(UM Legislative News Service) About two years ago, Conrad Superintendent Sharyl Allen received countless letters, phone calls and emails demanding that she quit her job.
“We had people calling for my resignation, saying how dare I challenge their kids like this.”
Parents and community members were protesting a new educational system Conrad High School implemented in the fall of 2017. Allen calls it proficiency based or personalized learning.
“Too many kids have their eyes rolled in the back of their heads because we keep teaching them the same stuff or saying, ‘You all need this,’ ” she said. “But what we’re really trying to say is, ‘What is the student passion that drives our curriculum?’ We think that’s what the future looks like.”
Allen said all students have their strengths and their weaknesses, but it’s redundant to teach students what they already know; a proficiency-based model allows students to move at their own pace. By not having a set class time for specific courses, students can excel in their strengths by going further on their own, but also have their weaknesses covered by getting extra help from teachers.
This structure allows students to have an open schedule, one they can fill with opportunities outside of the classroom, like the three students Conrad High enrolled in John Deere University, an online teaching program used to train John Deere employees.
The students are getting elective credits and taking class time to learn skills for a job in their community. Allen said these students will have high-paying jobs right after high school, somewhere between $15 and $20 an hour for a starting wage.
State Rep. Llew Jones, R-Conrad, took about 25 lawmakers during the interim and showed them the school and its system.
“We know in the state we have a huge shortage in the workforce. We have a hole, both in meeting our workforce needs and in servicing our students,” Jones said. “We have about 12,000 kids graduate per year. About 7,000 of them go on to a four-year college — and we have good four-year programs — but 5,000 are where? We can’t tell you. Schools can’t tell you.”
Lawmakers are moving legislation aiming to remove barriers in the public school system in order to encourage students to seek professional opportunities while they’re in school and to fill community worker needs.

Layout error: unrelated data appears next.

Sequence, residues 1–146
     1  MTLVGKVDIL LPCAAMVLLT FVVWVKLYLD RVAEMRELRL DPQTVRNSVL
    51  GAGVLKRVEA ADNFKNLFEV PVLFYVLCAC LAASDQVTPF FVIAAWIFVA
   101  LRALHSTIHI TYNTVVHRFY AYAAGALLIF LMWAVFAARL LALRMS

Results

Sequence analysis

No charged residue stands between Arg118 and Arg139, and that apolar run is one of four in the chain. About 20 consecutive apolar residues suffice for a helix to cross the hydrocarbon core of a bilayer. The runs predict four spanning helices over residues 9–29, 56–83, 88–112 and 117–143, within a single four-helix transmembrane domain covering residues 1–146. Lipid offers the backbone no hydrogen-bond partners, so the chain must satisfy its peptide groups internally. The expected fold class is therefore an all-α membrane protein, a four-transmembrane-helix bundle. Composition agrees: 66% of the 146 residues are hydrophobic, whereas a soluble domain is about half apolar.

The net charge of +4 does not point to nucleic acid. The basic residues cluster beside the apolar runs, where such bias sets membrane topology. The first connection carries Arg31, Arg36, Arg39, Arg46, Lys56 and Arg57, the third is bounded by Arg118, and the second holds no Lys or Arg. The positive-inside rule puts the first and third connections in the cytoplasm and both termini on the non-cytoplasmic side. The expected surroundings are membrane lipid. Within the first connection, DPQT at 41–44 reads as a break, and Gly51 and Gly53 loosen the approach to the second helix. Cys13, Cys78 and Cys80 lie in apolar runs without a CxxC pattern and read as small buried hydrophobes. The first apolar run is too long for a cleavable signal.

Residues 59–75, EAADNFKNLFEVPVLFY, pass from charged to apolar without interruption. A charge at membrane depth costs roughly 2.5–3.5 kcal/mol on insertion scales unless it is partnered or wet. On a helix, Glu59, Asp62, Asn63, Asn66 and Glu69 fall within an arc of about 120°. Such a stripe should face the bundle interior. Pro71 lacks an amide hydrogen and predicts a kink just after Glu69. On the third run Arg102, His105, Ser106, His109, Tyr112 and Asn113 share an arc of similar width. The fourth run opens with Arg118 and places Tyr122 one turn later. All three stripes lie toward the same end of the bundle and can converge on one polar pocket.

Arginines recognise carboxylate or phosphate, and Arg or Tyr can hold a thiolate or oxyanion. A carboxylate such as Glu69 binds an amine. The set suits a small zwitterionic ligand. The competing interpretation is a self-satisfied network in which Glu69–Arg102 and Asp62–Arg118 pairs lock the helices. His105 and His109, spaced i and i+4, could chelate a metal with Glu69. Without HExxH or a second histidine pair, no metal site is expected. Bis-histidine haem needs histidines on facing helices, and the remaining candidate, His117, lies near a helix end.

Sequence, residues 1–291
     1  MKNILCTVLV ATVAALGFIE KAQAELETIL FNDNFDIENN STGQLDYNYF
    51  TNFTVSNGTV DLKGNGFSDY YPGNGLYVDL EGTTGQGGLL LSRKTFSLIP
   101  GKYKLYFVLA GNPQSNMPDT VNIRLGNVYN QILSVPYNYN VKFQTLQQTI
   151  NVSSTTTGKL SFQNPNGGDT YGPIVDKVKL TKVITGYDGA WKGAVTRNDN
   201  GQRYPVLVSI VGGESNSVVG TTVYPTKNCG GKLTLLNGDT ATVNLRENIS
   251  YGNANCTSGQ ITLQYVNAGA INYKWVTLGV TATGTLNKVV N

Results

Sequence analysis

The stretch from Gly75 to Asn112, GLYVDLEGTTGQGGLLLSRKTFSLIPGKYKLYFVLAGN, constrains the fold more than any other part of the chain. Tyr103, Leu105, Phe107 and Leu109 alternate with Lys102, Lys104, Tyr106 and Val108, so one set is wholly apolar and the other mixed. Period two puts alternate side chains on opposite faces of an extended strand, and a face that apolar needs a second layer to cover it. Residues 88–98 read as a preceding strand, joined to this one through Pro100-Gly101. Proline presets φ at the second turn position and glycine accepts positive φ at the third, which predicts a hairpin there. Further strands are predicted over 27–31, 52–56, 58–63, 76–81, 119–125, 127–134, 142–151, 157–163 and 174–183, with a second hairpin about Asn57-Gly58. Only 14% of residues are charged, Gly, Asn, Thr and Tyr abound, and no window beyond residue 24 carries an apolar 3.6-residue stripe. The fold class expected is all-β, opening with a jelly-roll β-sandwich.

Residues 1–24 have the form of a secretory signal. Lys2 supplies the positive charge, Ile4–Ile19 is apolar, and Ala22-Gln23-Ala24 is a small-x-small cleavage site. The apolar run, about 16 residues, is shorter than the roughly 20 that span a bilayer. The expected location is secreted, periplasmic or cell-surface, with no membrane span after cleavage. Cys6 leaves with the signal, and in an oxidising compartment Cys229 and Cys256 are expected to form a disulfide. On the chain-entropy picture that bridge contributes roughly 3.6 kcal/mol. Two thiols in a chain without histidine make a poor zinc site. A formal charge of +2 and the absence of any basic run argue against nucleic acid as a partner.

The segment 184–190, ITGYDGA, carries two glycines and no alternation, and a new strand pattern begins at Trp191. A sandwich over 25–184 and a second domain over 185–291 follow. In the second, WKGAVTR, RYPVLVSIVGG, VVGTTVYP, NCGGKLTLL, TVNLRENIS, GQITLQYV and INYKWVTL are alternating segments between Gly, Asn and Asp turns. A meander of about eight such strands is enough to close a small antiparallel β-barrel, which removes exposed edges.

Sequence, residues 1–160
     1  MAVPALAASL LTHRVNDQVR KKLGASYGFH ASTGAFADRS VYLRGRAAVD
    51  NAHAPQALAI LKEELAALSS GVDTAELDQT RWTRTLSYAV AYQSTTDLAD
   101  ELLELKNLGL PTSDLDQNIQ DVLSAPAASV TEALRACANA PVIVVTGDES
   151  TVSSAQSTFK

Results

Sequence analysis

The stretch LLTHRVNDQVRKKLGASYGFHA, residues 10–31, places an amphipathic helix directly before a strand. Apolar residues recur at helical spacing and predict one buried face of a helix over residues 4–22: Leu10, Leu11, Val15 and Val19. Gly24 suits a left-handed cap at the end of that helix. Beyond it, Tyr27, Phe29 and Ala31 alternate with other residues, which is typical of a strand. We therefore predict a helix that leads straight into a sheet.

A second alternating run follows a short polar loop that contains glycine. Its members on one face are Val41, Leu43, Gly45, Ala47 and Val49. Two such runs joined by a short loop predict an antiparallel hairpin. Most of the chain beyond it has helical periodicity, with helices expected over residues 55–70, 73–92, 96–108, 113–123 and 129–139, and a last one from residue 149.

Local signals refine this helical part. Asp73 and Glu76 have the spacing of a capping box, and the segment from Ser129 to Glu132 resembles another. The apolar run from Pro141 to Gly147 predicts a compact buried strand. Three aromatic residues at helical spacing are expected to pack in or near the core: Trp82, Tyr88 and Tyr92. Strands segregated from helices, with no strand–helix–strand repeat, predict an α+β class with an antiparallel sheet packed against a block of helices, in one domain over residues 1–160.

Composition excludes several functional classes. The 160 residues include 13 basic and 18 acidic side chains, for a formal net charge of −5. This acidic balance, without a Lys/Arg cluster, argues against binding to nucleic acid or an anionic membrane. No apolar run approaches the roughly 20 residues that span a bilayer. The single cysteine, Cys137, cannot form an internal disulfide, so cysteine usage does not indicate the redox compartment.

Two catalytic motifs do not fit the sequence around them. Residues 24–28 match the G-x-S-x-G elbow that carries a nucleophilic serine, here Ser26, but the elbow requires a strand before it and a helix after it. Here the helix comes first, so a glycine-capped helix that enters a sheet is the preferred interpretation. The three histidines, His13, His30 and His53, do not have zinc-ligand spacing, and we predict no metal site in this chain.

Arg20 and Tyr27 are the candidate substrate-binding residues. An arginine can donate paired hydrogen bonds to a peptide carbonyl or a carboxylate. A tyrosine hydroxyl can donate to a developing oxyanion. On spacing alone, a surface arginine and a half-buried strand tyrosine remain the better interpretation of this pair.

About 10 bills were introduced during the 2019 legislative session with the goal of spreading this education model statewide. Those bills do things like giving worker’s compensation insurance to students and helping the state track the kinds of jobs students are getting after high school.
Jones’ bill, House Bill 387, wraps together the legislative push. The bill would help students pay for what Jones calls “advanced opportunities.” That could be helping a student take dual-enrollment credits, or pay for welding equipment for an apprenticeship. The proposed law gives discretion to individual school districts on what is considered an advanced opportunity in order to fill community needs.
Jones said students often don’t know these opportunities even exist, but it’s up to the schools to encourage each student onto successful paths.
“If we are not, through our counselors and through our systems, providing students a vision of all opportunities, then in truth we’re failing that student,” he said.
Jones said these bills don’t discourage students from higher education, but rather open up the opportunities that are right for each student. Lawmakers are working with the Office of the Commissioner of Higher Education to open career and technical education options for two- and four-year higher education by retraining counselors to encourage career and technical paths.